To boost COVID-19 prevention efforts, more Nunavut hamlets adopt booze bans

“It’s to reinforce what we’re supposed to be doing”

The consumption, possession, purchase, sale and transport of alcohol are all prohibited in Grise Fiord on Ellesmere Island, as two 14-day special liquor prohibitions take effect. (File photo)

By Jane George

Two more Nunavut hamlets, Grise Fiord and Kinngait, have adopted bans on the possession of alcohol to improve compliance with the territory’s ban on gatherings during the COVID-19 pandemic.

These hamlets’ bans required special liquor prohibition resolutions to ban the consumption, possession, purchase, sale or transport of liquor for 14 days.

Grise Fiord, the most northerly community in Nunavut (and North America), is what Nunavut calls an “unrestricted” community, meaning its residents can order in the maximum amount of alcohol allowed by Nunavut Liquor and Cannabis Commission.

But two back-to-back 14-day resolutions will change that status in Grise Fiord.

Its senior administrative officer, Marjorie Dobson, said the Hamlet of Grise Fiord recently passed two special liquor prohibition resolutions, one in effect from May 5 to May 18, and a second in effect from May 21 until June 3.

“It’s to reinforce what we’re supposed to be doing,” Dobson said about the bans: they will help to maintain social distancing, which becomes hard when people in this community of about 130 are faced with “the dangers of intoxication,” Dobson added.

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“I think people have … become sort of lax,” she said. “The council thought that the community needed to be protected, so it made that decision.”

If anyone contravenes a resolution and is found guilty, they can be fined anywhere from $500 to $5,000 or can be sent to jail for a term not exceeding 30 days, or they may receive a fine and time in jail.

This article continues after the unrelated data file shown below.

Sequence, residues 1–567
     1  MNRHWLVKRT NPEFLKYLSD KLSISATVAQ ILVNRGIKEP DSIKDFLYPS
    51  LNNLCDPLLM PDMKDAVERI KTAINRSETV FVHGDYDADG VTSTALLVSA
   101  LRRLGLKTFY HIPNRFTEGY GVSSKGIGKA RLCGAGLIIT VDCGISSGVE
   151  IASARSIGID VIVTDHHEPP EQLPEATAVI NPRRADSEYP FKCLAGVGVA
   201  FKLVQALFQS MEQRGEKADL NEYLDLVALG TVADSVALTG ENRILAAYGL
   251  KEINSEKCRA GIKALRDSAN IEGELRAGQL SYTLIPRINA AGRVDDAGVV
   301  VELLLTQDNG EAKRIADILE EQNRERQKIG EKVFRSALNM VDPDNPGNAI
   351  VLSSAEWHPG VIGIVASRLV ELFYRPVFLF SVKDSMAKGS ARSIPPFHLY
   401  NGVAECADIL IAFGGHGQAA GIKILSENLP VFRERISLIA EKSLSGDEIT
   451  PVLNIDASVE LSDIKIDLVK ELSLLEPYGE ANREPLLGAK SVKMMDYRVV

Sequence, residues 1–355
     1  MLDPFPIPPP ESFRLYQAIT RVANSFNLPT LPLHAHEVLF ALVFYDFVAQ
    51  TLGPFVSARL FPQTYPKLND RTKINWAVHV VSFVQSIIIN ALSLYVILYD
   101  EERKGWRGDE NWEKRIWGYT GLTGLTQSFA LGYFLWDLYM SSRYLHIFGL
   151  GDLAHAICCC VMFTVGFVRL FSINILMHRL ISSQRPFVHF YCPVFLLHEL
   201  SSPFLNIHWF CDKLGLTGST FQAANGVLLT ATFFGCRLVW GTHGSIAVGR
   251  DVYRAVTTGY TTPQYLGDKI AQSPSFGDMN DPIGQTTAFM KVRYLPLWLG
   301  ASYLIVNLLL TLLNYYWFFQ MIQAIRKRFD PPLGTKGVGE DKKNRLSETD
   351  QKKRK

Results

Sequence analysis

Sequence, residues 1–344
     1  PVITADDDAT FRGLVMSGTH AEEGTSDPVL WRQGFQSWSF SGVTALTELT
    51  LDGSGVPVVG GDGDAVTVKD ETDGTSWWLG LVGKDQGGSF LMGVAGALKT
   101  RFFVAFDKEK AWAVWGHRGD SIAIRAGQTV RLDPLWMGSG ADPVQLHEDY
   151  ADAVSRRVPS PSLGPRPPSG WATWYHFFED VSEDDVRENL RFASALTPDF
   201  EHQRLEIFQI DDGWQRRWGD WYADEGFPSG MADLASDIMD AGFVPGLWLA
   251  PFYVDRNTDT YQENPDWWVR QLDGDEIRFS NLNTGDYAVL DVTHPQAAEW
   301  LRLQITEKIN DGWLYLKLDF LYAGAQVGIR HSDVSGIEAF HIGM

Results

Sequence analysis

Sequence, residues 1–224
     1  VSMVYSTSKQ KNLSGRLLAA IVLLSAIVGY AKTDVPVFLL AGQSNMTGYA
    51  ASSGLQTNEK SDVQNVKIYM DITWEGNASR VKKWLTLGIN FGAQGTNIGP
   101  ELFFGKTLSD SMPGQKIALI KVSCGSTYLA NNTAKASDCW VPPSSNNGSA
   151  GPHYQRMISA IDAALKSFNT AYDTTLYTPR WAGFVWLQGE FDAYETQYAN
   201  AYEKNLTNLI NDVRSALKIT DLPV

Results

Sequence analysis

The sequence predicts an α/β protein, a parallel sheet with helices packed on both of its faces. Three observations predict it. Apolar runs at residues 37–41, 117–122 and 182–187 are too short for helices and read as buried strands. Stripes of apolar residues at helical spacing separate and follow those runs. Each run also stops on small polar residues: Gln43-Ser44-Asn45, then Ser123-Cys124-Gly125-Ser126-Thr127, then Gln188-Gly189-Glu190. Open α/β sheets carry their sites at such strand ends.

The hamlet councillors in the south Baffin community of Kinngait, known until late 2019 as Cape Dorset, also passed a special liquor prohibition that will take effect on May 11 and end on May 24.

Kinngait, with a population of about 1,600, is usually a “restricted” community, whose alcohol education committee oversees all liquor orders.

But the hamlet wanted to see a resolution in place so people would follow Nunavut’s order on banning gatherings, Mayor Timoon Toonoo told Nunatsiaq News.

Toonoo said that having liquor around town triggers people to attend house parties, making social distancing impossible.

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The hamlet’s resolution also aims to reduce the number of people who end up in the local RCMP detachment’s cells, Toonoo said.

“There are too many people, many people going to jail,” he said.

Recently there have been 10 people in a single cell and the next day, 11 people, Toonoo said.

“If one of [the] prisoners had COVID-19, [a] lot of people would have been infected,” he said.

The special liquor prohibition could also help maintain the peace in Kinngait, which was recently rocked by an armed standoff.

According to the Nunavut Liquor Act, communities can pass special prohibitions three times a year: Cambridge Bay in western Nunavut took advantage of that option in late March.

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(13) Comments:

  1. Posted by John K on

    Our leaders take this to an absurd point that approaches anthropomorphizing alcohol. We give booze all the power that it has here by making taboo and doubling down on prohibition will only make it worse; as it always has.

    It’s too bad we can’t learn from other people’s mistakes.

    • Posted by John D on

      The thing is: if people could drink sensible it would not come to this. There’s no ban like this in the south. It’s not a ban without merit. It’s a ban manifested out of misery, abuse, neglect. It’s a ban that takes wind from its own storm. I mean try and see if you can find a similar ban in the south? Not going to find it. There’s enough trouble for a permanent ban in the communities. Bootleggers galore, but all least it reflects reality, like if you can’t handle it, you will not get legal access at least.

      • Posted by Second class on

        In this year of our lord 2020, the pandemic year. If you find the only way for you to get alcohol is from a bootlegger, you need to examine your life and those around you very carefully. If you can’t go to a store to purchase a few beers , some liquor or a bottle of wine , you are among the minority of this world. There is something really wrong with the way you live or the way your neighbors are living.

  2. Posted by Northern Fender on